aer

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Breton[edit]

Etymology[edit]

Borrowed from Latin āēr, from Ancient Greek ἀήρ (aḗr).

Pronunciation[edit]

Noun[edit]

aer f (plural aerioù)

  1. air

Estonian[edit]

Etymology[edit]

From Proto-Finnic *airo, from Proto-Germanic *airō. Cognate with Finnish airo.

Noun[edit]

aer (genitive [please provide], partitive [please provide])

  1. paddle

Declension[edit]

This noun needs an inflection-table template.


Irish[edit]

Alternative forms[edit]

Etymology[edit]

From Old Irish aer, from Latin āēr, from Ancient Greek ἀήρ (aḗr).

Pronunciation[edit]

Noun[edit]

aer m (genitive singular aeir, nominative plural aeir)

  1. air
  2. sky
  3. (weather) climate
  4. gaiety, pleasure
  5. (music) air, tune

Declension[edit]

Synonyms[edit]

Derived terms[edit]

  • aer- (aero-, aerial; pneumatic)
  • aerach (gay, adjective)
  • aerghiotár (air guitar)
  • aertha (light-headed, giddy; simple-minded, silly, adjective)

Noun[edit]

aer m (genitive singular aeir)

  1. wonder

Declension[edit]

Mutation[edit]

Irish mutation
Radical Eclipsis with h-prothesis with t-prothesis
aer n-aer haer t-aer
Note: Some of these forms may be hypothetical. Not every
possible mutated form of every word actually occurs.

References[edit]

  • aer” in Dictionary of the Irish Language, Royal Irish Academy, 1913–76.
  • “aer” in Foclóir Gaeḋilge agus Béarla, Irish Texts Society, 1st ed., 1904, by Patrick S. Dinneen, page 6.
  • "aer" in Foclóir Gaeilge-Béarla, An Gúm, 1977, by Niall Ó Dónaill.

Latin[edit]

Etymology[edit]

Borrowed from Ancient Greek ἀήρ (aḗr, air).

Pronunciation[edit]

Noun[edit]

āēr m, f (genitive āeris); third declension

  1. air

Declension[edit]

Third declension, Greek type, nominative singular in -ēr.

Case Singular Plural
nominative āēr āerēs
āera
genitive āeris
āeros
āerum
dative āerī āeribus
accusative āera
āerem
āerēs
āera
ablative āere āeribus
vocative āēr āerēs

Descendants[edit]

References[edit]


Manx[edit]

Etymology[edit]

From Old Irish aer, from Latin āēr, from Ancient Greek ἀήρ (aḗr).

Pronunciation[edit]

Noun[edit]

aer f

  1. sky
  2. air

Middle Dutch[edit]

Etymology 1[edit]

From Old Dutch *ār, from Proto-Germanic *ahaz.

Noun[edit]

âer f

  1. ear (of corn, grain etc.)
Inflection[edit]

This noun needs an inflection-table template.

Descendants[edit]

Etymology 2[edit]

EB1911 - Volume 01 - Page 001 - 1.svg This entry lacks etymological information. If you are familiar with the origin of this term, please add it to the page per etymology instructions. You can also discuss it at the Etymology scriptorium.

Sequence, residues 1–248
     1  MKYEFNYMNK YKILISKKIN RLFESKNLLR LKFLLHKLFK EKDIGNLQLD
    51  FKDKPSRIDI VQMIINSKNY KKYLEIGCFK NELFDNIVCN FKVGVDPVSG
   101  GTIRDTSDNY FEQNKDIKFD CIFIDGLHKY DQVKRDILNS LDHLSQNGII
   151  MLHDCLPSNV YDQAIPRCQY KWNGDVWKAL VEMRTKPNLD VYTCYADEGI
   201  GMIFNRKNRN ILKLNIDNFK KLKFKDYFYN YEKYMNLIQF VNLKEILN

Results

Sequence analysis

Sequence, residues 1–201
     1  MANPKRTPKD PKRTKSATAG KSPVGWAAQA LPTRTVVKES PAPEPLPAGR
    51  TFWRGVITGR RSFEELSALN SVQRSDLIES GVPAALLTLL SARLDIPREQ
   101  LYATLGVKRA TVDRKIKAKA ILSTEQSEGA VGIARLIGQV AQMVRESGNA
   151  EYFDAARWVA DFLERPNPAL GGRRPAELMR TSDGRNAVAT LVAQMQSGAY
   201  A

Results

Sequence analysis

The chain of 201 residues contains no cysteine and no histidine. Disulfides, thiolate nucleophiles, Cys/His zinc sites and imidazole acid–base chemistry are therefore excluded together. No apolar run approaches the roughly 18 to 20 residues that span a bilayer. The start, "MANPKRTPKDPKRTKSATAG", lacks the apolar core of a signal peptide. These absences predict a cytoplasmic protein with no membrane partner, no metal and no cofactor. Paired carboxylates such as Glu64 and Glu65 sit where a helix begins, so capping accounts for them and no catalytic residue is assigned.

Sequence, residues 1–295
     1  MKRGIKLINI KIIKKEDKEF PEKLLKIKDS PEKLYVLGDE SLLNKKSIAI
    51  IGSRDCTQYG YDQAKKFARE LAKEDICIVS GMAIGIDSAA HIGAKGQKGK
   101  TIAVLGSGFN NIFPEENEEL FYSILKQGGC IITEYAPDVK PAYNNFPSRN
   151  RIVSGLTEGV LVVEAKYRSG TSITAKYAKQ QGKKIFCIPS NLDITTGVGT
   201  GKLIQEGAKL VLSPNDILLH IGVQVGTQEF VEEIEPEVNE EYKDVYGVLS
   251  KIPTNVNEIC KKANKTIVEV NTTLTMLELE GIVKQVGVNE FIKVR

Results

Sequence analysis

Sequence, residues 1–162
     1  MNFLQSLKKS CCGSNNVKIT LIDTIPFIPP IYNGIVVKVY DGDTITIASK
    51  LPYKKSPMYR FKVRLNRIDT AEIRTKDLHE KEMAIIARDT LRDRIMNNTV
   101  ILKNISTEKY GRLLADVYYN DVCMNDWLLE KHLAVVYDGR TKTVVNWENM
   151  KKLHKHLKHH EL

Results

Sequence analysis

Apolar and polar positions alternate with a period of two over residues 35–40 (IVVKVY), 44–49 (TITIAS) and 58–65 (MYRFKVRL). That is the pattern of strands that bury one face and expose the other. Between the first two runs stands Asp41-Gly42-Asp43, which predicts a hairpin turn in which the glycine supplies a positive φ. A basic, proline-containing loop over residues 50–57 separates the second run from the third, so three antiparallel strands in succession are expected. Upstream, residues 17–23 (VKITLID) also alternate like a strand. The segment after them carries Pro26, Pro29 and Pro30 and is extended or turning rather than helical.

Noun[edit]

āer m

  1. eagle
Inflection[edit]

This noun needs an inflection-table template.

Descendants[edit]

Further reading[edit]

  • aer”, in Vroegmiddelnederlands Woordenboek, 2000
  • aer (I)”, in Middelnederlandsch Woordenboek, 1929
  • aer (II)”, in Middelnederlandsch Woordenboek, 1929

Old Irish[edit]

Etymology[edit]

Borrowed from Latin āēr, from Ancient Greek ἀήρ (aḗr).

Pronunciation[edit]

Noun[edit]

aer m (genitive aeir, nominative plural aeir)

  1. air
  2. sky

Inflection[edit]

Masculine o-stem
Singular Dual Plural
Nominative aer aerL aeirL
Vocative aeir aerL aeru
Accusative aerN aerL aeru
Genitive aeirL aer aerN
Dative aerL aeraib aeraib
Initial mutations of a following adjective:
  • H = triggers aspiration
  • L = triggers lenition
  • N = triggers nasalization

Descendants[edit]

Mutation[edit]

Old Irish mutation
Radical Lenition Nasalization
aer unchanged n-aer
Note: Some of these forms may be hypothetical. Not every
possible mutated form of every word actually occurs.

Further reading[edit]

  • aer” in Dictionary of the Irish Language, Royal Irish Academy, 1913–76.

Romanian[edit]

Etymology[edit]

From Latin āēr.

Noun[edit]

aer n (plural aere)

  1. air

Declension[edit]

Derived terms[edit]

Related terms[edit]

See also[edit]


Venetian[edit]

Etymology[edit]

From Latin habeō.

Verb[edit]

aer

  1. to have

See also[edit]


Welsh[edit]

Pronunciation[edit]

  • (North Wales) IPA(key): /ɑɨ̯r/
  • (South Wales) IPA(key): /ai̯r/

Verb[edit]

aer

  1. (literary) impersonal imperative of mynd

Synonyms[edit]